I am Ayman and I am a refugee from Syria

Ayman Hirh was a successful marble and granite trader in the Jobar district of Syria’s capital, Damascus, before the escalating political situation in his country drove him and his family into exile. Because of his involvement as an activist in the 2011 uprising and President Al-Assad’s subsequent crackdown on any and all dissent, Ayman was forced into hiding before he was able to borrow $2,000 to bribe government officials to renew his passport and make his escape. He arrived at Heathrow airport in January 2012 and was swiftly relocated to Glasgow before reuniting with his family to build a new life in the UK. Ayman currently lives with his wife, Iman, and two children, Bishir and Bassil, in Edinburgh.

I met Ayman and his family just as this new mural, featuring his portrait and story, was finished on Camden Mews this afternoon. With his wife by his side and his children playing happily nearby, Ayman was visibly elated with how the piece, by street artist PANG turned out. I shook his hand and he was kind enough to let me take a picture of him with the piece. The mural reads:
“I am Ayman and I am a refugee from Syria. I was granted asylum in the UK in 2012. I was a successful businessman selling marble and granite across Syria, and living with my wife and two sons in the Jobar district of Syria’s capital Damasus, Every night before we go to sleep, we remember our home. I love my flat in Damascus more than Buckingham Palace. When I look at my children and see that they are happy and living a normal life, I think immediately of all the children still in Syria. #TheLongRoadEP.”

 

The mural was created to spotlight the plight of millions of refugees who have fled Syria since 2011,  as well as to publicize The Long Roada concept album due for release by The Red Cross on March 4th. The record is inspired by the real-life stories of refugees and asylum seekers and brings together major international artists including Robert Plant, Scroobius Pip, Kindness, Tinariwen and the Sierra Leone Refugees Allstars.

Ayman’s story had a happy ending, however, it is estimated that around 4.6 million Syrians are currently living as refugees, while an expected 6.6 million have been displaced within Syria; half of these are children.

87 Comments Add yours

  1. sophieellis says:

    such a beautiful and IMPORTANT insight. I completely agree with the above comment- of only this was in the mainstream media!!!

  2. Tieme Pool says:

    Good for Ayman and his family that is story turned out reasonable, although a heavy story.

    Many indeed aren’t that lucky. But even less are lucky to live in freedom.

    Thanks for sharing and take care!

    Kind regards,
    Tieme

  3. byhanan says:

    Pray for Syria. Pray, pray pray…. Keep on praying.

  4. eli baur says:

    Amazing story! Really inspiring story of triumph through injustice, incredible and unique perspective on the Syrian situation as well.

  5. Reblogged this on and commented:
    What a story!!!
    Sherrisharing.wordpress.com

  6. Karla Rivera says:

    The world should unite and help the people of Syria. In this world all need each other, I can not help nearby, but I send an embrace of solidarity to the entire Syrian population, we are all brothers no matter what nation or race we are, we must act now.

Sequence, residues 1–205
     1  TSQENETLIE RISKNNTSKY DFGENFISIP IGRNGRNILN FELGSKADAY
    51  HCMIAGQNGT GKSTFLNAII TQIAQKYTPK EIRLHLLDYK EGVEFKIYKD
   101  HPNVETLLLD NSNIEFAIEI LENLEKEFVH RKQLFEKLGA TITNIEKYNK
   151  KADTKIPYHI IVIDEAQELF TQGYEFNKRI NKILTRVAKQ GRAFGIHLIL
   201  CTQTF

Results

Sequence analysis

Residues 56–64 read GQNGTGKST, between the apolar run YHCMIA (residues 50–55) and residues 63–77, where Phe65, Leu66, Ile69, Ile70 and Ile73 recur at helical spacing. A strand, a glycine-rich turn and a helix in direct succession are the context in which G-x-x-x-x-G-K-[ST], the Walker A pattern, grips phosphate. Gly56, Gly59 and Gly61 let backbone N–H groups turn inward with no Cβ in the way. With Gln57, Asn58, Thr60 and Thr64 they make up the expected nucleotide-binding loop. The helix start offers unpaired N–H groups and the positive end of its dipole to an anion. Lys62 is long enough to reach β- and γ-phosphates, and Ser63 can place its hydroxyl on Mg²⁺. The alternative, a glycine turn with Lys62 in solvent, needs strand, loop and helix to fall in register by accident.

7. mokitadreams says:

    The things we take for granted. Freedom, loved ones and shelter. Thank you for writing this post

  8. Brilliant post, here’s a related one of mine if anyone’s interested…
    http://freewillisntfree.com/2016/03/09/power-responsibility-and-just-the-right-thing/
    Unity is so important in these difficult times. Thanks for such an inspiring story.

    1. Hi,
      Thank you for your spam. If you have something to contribute to the conversation and link to your own work, that is welcome. What you have just done, however, is not. Thanks

  9. wingz365 says:

    I like your site and am trying to follow it but for some reason it won’t accept my email.

  10. ZANAN AZIZ says:

    nice post and its making the reader thinking.

  11. CherryPie says:

    An inspiring story! Sad to know this man is one of the lucky few, but it does cast a glimmer of hope on the whole sad history.

  12. chris jensen says:

    Damn, sometimes i lose sight of how good i’ve got it being a fifth generation boy from the West Coast of Canada…

    One always love a happy ending..

    chris

  13. I think education about these issues are important and feel art can be such a powerful way to educate. What a beautiful man to express himself the way he did. Thank you for writing and sharing this.

  14. Luciana Mariano says:

    The world is going mad. 😭 Sad story, beautiful post.

  15. Raj Krishna says:

    thanx for sharing this story…

  16. edenszy says:

    I’m new to your site; you very kindly followed my blog so that prompted me to look at what you get up to! I think your blog is brilliant; the photos and titles are really engaging. How have I not heard of you, haha. I love the fact that you reference literature and art throughout your pieces (as someone soon to study English Lit I really appreciate that). I look forward to reading more.

    1. Hi Edenszy, Thank you. I hope you find enough to keep you entertained on here and good luck with the English Lit studies. -Rich

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